Maintaining a healthy cash flow is one of the most critical aspects of operating a successful small business. Cash flow is said to be the lifeblood of any business. If it’s drained, there are immediate and severe consequences. The following is a step by step guide to help the entrepreneur successfully manage cash flows.
1.) Develop a cash budget, also known as a cash forecast. A cash budget typically covers a one-year period that is divided into smaller intervals. It requires the small business owner to determine all the known cash inflows and outflows that will occur during the year. That way, the entrepreneur will have a picture of when the firm will have cash surpluses and cash shortages. This knowledge allows the cash flow to be managed proactively rather than reactively.
2.) Improve your accounts receivable. Accounts receivable (money owed to your business) makes up a large portion of the cash coming into a business, so keeping an eye on them is vital to improve cash flow. Collecting money may not be easy, but there are steps you can take to stay on top of payments. Have a tight credit policy and check the financial health of a new customer before offering them credit. Ask a new customer for three business references and don’t neglect to call them. Charge a late fee to customers who pay late. Follow up on late payers with phone calls and letters. Don’t send out new merchandise if bills remain unpaid. Consider asking for a small deposit on new orders, to make sure you have some cash on hand. Develop a formal reminder system (aging accounts receivable) that takes on a more serious tone as the lateness increases.
3.) Improve your accounts payable. It’s beneficial to keep cash on hand for as long as possible. Pay an invoice on the day it is due to keep consistent cash flow. Negotiate with your suppliers to see if you can work out an agreement to extend payments as long as possible. Don’t issue advances to employees. Use business credit cards for travel, lodging, meals and small expenses.
4.) Improve your inventory management. Monitoring your daily sales activity and making sure your on-hand inventory reflects these patterns. Inventory that is not being transformed into cash is useless. Cash flow determines how much inventory can safely be carried by a firm while still allowing sufficient cash for other operations. Your inventory management goal should be to commit just enough cash to inventory to meet demand. Determine how fast you can get inventory, once you order it (lead time). Try to order as late as you can (just-in-time inventory). Determine your economic order quantity and don’t order too much inventory. Shop around to make sure you are getting competitive prices. Get rid of “dead” inventory and turn it into cash.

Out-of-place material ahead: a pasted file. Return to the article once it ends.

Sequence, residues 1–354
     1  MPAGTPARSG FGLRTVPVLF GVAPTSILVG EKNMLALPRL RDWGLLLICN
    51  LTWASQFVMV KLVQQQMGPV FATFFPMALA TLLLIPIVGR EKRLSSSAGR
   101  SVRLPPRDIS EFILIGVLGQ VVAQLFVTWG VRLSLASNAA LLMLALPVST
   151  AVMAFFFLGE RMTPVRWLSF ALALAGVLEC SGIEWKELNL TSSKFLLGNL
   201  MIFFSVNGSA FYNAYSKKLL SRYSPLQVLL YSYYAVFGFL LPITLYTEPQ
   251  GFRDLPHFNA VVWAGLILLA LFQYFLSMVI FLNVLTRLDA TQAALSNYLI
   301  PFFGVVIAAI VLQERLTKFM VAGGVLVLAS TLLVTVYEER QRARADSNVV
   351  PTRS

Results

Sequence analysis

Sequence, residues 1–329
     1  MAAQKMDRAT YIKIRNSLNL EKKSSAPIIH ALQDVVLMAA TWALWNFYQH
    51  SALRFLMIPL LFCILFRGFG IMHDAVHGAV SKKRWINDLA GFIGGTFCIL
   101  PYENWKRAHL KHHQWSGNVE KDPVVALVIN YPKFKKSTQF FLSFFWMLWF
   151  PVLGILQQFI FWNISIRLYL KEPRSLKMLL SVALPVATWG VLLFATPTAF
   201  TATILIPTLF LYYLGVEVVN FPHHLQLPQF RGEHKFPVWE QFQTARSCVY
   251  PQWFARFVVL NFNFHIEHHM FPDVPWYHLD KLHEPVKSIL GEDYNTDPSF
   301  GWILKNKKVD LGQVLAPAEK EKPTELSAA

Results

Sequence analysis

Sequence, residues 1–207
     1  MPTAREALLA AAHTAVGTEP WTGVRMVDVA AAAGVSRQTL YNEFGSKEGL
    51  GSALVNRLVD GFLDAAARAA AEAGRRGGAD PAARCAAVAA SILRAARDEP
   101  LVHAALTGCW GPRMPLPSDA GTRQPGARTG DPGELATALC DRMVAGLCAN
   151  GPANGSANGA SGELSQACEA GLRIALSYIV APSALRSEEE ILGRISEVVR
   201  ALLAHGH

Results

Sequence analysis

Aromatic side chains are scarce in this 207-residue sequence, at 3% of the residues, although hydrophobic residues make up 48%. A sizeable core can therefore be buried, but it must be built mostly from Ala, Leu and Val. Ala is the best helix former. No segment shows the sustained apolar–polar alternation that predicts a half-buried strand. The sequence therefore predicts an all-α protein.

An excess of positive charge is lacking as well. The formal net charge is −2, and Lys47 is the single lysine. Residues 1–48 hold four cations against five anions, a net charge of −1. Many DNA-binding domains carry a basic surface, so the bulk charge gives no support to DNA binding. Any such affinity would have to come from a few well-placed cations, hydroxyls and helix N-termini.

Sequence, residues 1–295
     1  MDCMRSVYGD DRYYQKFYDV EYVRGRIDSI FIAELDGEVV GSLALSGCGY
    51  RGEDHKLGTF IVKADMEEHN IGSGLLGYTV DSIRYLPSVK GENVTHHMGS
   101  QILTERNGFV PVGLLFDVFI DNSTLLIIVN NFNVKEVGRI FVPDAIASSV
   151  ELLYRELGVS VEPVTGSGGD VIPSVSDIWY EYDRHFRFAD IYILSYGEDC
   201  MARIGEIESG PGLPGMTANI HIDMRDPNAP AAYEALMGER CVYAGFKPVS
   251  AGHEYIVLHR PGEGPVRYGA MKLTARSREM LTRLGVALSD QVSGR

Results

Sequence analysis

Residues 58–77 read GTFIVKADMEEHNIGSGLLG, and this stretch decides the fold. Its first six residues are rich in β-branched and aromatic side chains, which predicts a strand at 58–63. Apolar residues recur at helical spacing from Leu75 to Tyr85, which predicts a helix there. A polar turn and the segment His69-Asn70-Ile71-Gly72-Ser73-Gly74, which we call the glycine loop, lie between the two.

5.) Invest your cash wisely. When possible, remove all account balances that are earning little or no interest and reinvest them at higher rates. Determine how quickly checks that your company deposits become available as cash. Obtain availability of 0 to 2 days on deposited checks. Ask your bank for their “availability schedule” and shop around at various banks, if appropriate. Don’t deposit checks in a bank’s ATM or use the Night Depository. Many businesses make the mistake of keeping too much money in their bank accounts to pay for bank services. This money could be used more effectively elsewhere, as in paying off loans or investing at more competitive rates. Take time to find out what your minimum balance needs to be.
6.) Duplication of Compensation. Analyze duplication of effort and lack of productivity in your workforce. You may need to cut personnel hours in those areas to save on payroll tax costs.
7.) Look into Continuity of Sales or Services. Continuity sales are a contract to purchase products or services on an installment basis for a fixed period of time. It’s a great way to get money up front. The customer’s incentive is that by paying up front, he/she will get a better deal, in the long run. Punch cards or a future contract for services are great examples of continuity of sales. You can structure payments for continuity sales on almost any basis, but it’s best to go for complete payment up front. This philosophy is based on a customer’s commitment, and they’ll be a lot more committed with their money on the line.
8.) Keep track of delivery costs and shipping fees. It may be cheaper to pick up supplies and inventory yourself than to pay shipping charges. Consider hiring a part-time employee to pick up and deliver supplies and products.
9.) Take a good look at your insurance policies. Ask your insurance company about ways to reduce premiums. Shop around for insurance and package policy discounts.
10.) Collect money as fast as you can. Try to speed up customer orders by having them fax or email them to you. Send out your invoices the same day goods are shipped, not a week or two later. Indicate on your invoice when the payment is due, and specify the penalty interest for late payment and/or incentives for early payment (i.e. 2/10 net 30).
The process of cash flow management is relatively easy to monitor once systems are put into place. By employing these ten strategies, you can avoid cash flow problems and create a competitive advantage, just by having a workable cash flow plan.
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